Last week, Steve and I were tag-teaming bedtime. It was my turn with Baby Z, so I scooped up a few board books and settled into my grandfather's rocking chair, the baby on my lap.
The last book I read him was Noah's Ark.
I've been in church my entire life. I grew up going to a good ol' Southern Illinois Baptist-ish church that had Sunday School, complete with felt boards to illustrate Bible stories and songs like "The B-I-B-L-E" and "Father Abraham." Following Sunday School was church in which we sang all the old hymns, listened to old people shout out prayer requests, and then the sermons about God's love, the sins of this world, and, number one, gettin' saved to avoid eternal damnation and to instead walk the streets of gold alongside Jesus. Everyone dressed up for church. There were "alter calls" and revivals and baptisms in ponds and swimming pools. We used the King James Bible, ONLY. The picture of Jesus that was housed behind the pulpit was that of a white, somber Jesus. Our communion table was engraved with "This Do Ye In Remembrance of Me." There were oak pews and red carpet and at Easter, lilies. If a "brother" or "sister" passed away, there was always a fried chicken dinner after the funeral, put together by the ladies of the church.
It didn't end there. We had VBS (that's Vacation Bible School) every summer, church camp (every summer), Wednesday evening church, Sunday night church. There were special weeks set aside for revivals, homecomings, and special services for Christmas and Easter.
I think I've heard just about every classic Bible story at least twenty times.
So it's interesting to now be the parent, sharing these stories with my kiddos, sometimes revealing a piece of the Bible to them for the first time.
Noah and his ark is a rather magical story for kids. There's a storm (the drama!), animals, a really big boat, and, Miss E's favorite, a rainbow.
Honestly, Bible stories don't really excite me all that much. (Truth.) I'm more interested in applicable concepts, not history, genealogy, Jewish law, or parables. I just want to get down to the heart of the matter, the bare-bones message, quickly, because I have three kids and very little spare time and an impatient personality. I know, this doesn't sound very Christian of me...but it's the truth.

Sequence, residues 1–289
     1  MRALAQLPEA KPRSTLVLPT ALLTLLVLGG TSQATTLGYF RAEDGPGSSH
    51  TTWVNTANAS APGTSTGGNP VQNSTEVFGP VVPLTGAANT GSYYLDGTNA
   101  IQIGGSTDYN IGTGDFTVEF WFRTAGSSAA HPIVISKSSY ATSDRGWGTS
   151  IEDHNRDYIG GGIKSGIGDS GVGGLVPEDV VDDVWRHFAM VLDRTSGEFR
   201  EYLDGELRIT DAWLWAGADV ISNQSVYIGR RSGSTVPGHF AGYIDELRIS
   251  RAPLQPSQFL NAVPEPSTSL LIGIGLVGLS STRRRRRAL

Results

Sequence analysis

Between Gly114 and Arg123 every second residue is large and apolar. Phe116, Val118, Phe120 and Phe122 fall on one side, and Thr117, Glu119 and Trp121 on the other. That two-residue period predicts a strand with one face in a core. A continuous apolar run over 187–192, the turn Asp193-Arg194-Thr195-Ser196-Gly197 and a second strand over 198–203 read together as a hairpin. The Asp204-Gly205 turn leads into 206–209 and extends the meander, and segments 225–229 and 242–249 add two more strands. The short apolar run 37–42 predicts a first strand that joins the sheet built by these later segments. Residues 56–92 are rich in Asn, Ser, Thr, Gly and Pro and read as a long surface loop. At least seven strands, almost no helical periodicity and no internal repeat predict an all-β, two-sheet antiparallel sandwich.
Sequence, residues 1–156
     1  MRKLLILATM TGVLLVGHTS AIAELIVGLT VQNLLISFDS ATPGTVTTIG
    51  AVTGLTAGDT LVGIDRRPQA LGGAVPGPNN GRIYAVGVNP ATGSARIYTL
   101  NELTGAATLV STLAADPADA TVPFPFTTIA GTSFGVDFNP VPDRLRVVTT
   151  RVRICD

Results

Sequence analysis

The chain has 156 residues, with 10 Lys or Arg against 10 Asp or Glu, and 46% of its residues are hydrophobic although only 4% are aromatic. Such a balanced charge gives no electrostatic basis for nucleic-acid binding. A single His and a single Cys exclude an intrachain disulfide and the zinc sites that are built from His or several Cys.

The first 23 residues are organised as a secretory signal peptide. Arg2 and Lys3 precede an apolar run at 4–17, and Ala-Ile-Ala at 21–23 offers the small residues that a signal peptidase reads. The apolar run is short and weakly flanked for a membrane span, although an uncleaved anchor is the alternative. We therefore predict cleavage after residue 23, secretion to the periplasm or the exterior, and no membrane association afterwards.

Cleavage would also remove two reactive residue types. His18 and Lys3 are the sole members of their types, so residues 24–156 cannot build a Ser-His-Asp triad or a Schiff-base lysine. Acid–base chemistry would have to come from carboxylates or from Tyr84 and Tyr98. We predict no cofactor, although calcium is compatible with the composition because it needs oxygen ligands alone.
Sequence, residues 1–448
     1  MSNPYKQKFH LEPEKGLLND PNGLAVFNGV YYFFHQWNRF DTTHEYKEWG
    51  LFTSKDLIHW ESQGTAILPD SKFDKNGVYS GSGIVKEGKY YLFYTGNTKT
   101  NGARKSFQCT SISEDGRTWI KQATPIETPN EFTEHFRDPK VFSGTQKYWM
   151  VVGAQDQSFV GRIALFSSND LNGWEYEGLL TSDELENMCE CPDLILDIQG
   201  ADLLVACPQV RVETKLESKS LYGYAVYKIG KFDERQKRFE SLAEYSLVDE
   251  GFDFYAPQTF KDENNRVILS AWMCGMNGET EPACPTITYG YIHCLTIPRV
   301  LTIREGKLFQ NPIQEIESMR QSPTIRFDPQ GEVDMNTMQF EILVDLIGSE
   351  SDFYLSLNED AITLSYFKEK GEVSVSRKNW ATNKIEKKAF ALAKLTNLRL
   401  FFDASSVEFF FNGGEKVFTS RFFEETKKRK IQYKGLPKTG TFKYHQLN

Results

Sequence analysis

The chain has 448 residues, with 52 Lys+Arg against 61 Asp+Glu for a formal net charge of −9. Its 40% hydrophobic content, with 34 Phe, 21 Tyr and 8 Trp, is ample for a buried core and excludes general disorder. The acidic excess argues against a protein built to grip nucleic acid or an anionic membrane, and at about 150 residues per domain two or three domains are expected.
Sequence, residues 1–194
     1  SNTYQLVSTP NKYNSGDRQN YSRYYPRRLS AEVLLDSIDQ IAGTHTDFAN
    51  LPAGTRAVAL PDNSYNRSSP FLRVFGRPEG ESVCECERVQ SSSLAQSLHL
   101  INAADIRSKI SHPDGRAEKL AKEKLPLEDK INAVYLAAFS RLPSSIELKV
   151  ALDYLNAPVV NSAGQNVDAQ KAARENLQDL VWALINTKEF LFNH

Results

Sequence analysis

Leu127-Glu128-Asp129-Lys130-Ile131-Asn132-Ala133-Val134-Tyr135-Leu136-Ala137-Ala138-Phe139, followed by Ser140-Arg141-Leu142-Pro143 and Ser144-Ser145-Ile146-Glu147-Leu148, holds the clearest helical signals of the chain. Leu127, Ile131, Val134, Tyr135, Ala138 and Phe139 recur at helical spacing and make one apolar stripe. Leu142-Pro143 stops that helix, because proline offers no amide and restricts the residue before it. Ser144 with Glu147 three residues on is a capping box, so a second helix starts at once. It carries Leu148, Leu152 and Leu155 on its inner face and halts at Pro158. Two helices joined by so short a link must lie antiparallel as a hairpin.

But as I cuddled my son and read him each line from the book, I realized something that I'd long forgotten.
God asked Noah to do some crazy stuff. Some hard things. Some not-very-popular, socially unacceptable actions.
Noah did it.
I'm sure he had doubts. Fears. Anxiety. Strain in his relationships. Maybe even anger at God for asking so much of him. Confusion. Resistance.
And I'm sure with each board nailed, with each animal gathered, with each whisper of humiliation uttered, Noah was feeling overwhelmed.
It would have been far easier to throw in the towel, chalk up his actions to a midlife crisis of sorts, and go have a beer with his buddies (or whatever they drank back then)...but he didn't.
God has asked many people to do hard things.
I've had to surrender control to Him not once, not twice, but three times when we waited to adopt. And when we embraced transracial adoption and open adoption. And now there is the aftermath of adoption and adoptive parenting: with all it's joys and challenges.
I've had to trust Him when the doctor told me my diagnosis was forever. When my blood sugar would skyrocket to 500 and then plummet to 30. When I had to poke my fingers with needles fifteen times a day, or inject insulin into my stomach. When I had to sit in waiting rooms full of people three times my age, slumped in wheelchairs and holding baggies full of prescription bottles.
I've had to believe that He knew what He was doing when He told me to write a book and then (gulp) share that book with the world, even when it meant facing judgment. Even if it meant putting a piece of my heart on the line and hoping others would be gentle with it.
Bible stories aren't just stories.
They aren't in the Bible to be either adored or rejected.
There is something in each one of them.
Maybe I've seen Frozen a few too many times lately, so I'm feeling the word "magical." But I think there is something magical. Something wonderful. Something awe-inspiring, in the Biblical stories I've heard dozens of times.
Not every act of obedience ends in a rainbow.
But it does generate and result in a peace which surpasses all understanding.
I think God knew, when He inspired the Bible, that it would stand the test of time. That no matter what translation a person read, God would whisper hope, grace, forgiveness, conviction, and freedom into souls.
That even a tired mom could get something out of a Bible-based board book.